The Society's 48 page, colour (printed) journal, "Australian Plants" has been published quarterly since 1959. It carries articles of interest to both amateur growers and professionals in botany and horticulture. Its authors include the leading professional and amateur researchers working in with the Australian flora and many beautiful and high quality photographs of Australian plants are published in its pages. Topics covered by the journal cover a wide range and include landscaping, growing, botany, propagation and conservation.

A subscription to the print version of "Australian Plants" is $19.80 annually for 4 issues (overseas $AUS32) including postage. To subscribe, print out the Subscription Form and post or fax the appropriate fee to the address indicated on the form.

Note that the contents of "Australian Plants" and "Australian Plants online"
are totally different

These are some of the topics covered in recent issues of "Australian Plants":

Tasmanian Epacriadaceae
Australian Citrus
Growing Hakea in a Dry Climate
Olearia - Plants of the daisy family
The Olympic and Paralympic Bouquets
Eucalyptus cabinet timbers
Eremophila as Cut Flowers
Eremophila Seed Germination
Cassia and Senna in Australia
Australian Ferns - Growing them successfully
Smoke induced germination
Tea trees
The "Honeypot" Dryandras
Bernawarra Gardens - Tasmania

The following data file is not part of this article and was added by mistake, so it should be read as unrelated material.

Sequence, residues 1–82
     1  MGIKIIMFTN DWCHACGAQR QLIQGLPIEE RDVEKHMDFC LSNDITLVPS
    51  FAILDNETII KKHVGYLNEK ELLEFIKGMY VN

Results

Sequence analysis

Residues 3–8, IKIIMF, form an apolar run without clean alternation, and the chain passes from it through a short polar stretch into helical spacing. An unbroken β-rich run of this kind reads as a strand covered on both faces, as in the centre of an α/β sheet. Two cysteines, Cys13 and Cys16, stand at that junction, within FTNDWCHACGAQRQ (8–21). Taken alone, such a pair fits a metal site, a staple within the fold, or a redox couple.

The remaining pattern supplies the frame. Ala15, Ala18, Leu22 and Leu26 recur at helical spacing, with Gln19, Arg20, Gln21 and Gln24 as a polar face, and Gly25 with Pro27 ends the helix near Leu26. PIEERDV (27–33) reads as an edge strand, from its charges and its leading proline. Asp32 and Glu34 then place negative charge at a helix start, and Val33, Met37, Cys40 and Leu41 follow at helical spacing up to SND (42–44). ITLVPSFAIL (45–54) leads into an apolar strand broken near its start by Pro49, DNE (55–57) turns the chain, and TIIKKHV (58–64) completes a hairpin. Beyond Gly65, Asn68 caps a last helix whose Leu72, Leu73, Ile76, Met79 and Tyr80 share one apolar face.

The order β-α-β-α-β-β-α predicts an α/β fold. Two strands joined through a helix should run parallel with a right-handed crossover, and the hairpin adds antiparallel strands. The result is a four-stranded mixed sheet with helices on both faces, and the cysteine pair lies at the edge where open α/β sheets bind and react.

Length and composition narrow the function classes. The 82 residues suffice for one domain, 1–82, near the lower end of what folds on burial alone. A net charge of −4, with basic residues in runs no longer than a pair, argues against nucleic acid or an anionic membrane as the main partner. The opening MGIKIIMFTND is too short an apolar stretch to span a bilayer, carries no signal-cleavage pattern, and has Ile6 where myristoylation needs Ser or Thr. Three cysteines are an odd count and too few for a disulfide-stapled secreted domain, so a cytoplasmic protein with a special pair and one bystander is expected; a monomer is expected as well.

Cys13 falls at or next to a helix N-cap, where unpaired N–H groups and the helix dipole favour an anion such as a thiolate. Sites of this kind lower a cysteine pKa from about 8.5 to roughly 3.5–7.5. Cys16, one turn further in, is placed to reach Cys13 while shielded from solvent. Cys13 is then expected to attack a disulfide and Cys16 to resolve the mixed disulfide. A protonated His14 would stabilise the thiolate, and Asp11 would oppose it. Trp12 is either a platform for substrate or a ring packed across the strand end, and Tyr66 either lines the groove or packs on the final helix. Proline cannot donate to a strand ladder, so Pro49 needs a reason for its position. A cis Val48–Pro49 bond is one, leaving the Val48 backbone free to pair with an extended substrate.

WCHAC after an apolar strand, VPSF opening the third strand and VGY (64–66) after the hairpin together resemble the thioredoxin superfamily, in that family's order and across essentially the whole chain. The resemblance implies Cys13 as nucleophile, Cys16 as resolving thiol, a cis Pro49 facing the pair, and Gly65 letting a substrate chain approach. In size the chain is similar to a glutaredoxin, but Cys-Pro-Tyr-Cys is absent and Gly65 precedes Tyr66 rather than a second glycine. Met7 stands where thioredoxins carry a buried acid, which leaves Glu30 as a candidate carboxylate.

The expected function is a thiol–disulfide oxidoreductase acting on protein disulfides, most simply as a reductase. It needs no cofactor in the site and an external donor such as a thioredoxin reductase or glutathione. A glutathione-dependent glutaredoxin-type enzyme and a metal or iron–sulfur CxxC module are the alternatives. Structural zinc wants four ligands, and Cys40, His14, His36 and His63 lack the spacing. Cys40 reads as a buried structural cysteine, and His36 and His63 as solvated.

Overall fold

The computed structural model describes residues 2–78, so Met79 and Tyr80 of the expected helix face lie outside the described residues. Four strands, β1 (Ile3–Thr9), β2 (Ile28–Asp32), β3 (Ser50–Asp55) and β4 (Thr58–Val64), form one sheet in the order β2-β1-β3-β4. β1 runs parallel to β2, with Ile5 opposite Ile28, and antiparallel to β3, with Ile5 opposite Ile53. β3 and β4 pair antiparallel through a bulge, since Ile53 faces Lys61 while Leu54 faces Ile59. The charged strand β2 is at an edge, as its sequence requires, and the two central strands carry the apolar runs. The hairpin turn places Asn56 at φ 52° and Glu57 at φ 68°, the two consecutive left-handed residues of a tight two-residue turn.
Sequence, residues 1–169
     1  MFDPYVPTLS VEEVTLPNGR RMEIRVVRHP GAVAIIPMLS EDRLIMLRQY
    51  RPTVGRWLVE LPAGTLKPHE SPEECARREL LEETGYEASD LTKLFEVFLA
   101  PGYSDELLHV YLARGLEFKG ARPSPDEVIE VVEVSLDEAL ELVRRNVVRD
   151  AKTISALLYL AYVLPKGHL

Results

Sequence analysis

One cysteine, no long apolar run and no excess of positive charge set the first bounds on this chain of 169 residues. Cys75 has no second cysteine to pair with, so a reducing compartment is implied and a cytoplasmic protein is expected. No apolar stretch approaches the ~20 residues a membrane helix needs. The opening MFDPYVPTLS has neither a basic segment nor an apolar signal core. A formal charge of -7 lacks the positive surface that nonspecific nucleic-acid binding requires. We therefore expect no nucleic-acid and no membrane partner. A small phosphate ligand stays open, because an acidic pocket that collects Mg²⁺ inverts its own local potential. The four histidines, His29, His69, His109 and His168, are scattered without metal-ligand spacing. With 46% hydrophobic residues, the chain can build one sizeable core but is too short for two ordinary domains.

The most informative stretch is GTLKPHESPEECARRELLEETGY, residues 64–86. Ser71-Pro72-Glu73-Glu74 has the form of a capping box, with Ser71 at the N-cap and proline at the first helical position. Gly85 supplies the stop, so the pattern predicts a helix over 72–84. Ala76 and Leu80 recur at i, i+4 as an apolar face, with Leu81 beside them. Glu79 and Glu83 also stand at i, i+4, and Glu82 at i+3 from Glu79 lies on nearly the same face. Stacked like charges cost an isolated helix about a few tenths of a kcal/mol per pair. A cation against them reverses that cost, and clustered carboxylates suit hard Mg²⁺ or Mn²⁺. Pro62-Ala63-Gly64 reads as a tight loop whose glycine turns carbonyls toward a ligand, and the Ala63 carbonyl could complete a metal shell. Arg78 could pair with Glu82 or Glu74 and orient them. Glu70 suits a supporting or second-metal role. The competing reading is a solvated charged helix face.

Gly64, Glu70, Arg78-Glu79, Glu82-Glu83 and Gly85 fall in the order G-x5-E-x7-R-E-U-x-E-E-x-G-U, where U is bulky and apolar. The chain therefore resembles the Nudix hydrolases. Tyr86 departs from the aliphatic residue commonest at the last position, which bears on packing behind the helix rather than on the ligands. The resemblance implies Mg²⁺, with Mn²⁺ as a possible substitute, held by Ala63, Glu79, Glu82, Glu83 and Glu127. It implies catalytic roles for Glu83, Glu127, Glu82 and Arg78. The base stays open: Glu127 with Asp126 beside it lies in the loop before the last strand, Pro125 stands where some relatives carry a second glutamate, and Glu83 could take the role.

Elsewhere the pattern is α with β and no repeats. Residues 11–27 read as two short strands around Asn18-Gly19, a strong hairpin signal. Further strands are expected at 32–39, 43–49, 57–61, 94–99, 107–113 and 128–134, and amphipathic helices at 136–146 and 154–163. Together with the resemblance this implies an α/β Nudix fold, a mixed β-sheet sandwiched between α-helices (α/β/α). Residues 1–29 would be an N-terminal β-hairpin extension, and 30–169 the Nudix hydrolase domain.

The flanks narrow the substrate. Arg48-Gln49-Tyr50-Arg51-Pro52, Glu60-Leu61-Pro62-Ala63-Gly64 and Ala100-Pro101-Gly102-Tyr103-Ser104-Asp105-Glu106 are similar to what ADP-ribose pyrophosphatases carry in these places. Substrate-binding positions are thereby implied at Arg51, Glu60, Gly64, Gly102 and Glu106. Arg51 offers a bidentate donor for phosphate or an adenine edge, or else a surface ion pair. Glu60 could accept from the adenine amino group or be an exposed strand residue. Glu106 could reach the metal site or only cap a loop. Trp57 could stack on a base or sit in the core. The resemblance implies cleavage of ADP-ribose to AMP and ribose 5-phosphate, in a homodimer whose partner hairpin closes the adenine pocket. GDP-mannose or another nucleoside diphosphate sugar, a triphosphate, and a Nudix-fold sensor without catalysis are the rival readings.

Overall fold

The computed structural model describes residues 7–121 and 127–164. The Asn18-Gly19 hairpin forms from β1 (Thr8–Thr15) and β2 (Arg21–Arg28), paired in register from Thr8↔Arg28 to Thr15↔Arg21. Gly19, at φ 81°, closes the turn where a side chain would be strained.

Plants for wet areas
Philotheca and Eriostemon - name changes
Lilly Pilly cultivars
Tropical legumes
Eucalyptus cinerea - lignotuber studies
Nutritional needs of Proteaceae
Labichea and Petalostylis
Xyris in Australia
Ferns in a garden
Yellow Waratah...Telopea truncata form
"Pines" of Tasmania
Tasmanian plants in horticulture in Britain
Eucalypts of Tasmania
Cut flower production trials
Emu Bush - Growing Eremophila
Kangaroo Paws - for colour
Creating a native garden...For beginners
Native honeysuckle; The genus Lambertia
Fertilizing for grevilleas
Creating homes for birds and mammals
Mistletoe; their natural biological control
Banksia Cultivation and Propagation
A Plantation Timber Industry
Hakea for Cultivation
Grafted Hakea
Ornamental Eucalypts for cut flower production
Leptospermum - colourful cultivars
Australian Rushes
Native Bees and Seed Dispersal
Sun Orchids - Thelymitra
Eucalyptus Foliage - Cut stems and postharvest
Vegetation of Macquarie Island
Grevillea - care and maintenance
Proteaceae of the rainforest
Richmond Birdwing butterfly
Terrestrial orchids of Royal National Park
Bladderworts - carnivorous plants
New Banksia releases
Edible wattle seeds - southern Australia
An introduction to legumes of Australia
Orchids as garden features
Native lowland grasslands of Tasmania
Orities - Tasmanian endemics
Gardening in clay
The daisy family
The tea tree oil industry
Riceflower - an everlasting daisy as a cut flower
Corkwood as a source of medicine
Outback Gardening - Achieving water efficiency
Pioneering Quandong as a fruit
Commercial cropping in the dry Interior
Bush food plantations
Rainforest plants - horticulture and bush tucker
Native fruits - Aboriginal food
About plant roots
NSW Christmas Bush: Cut flower industry


[Front Page] [Features] [Departments] [Society Home] [Subscribe]

Australian Plants online - December 2001
Association of Societies for Growing Australian Plants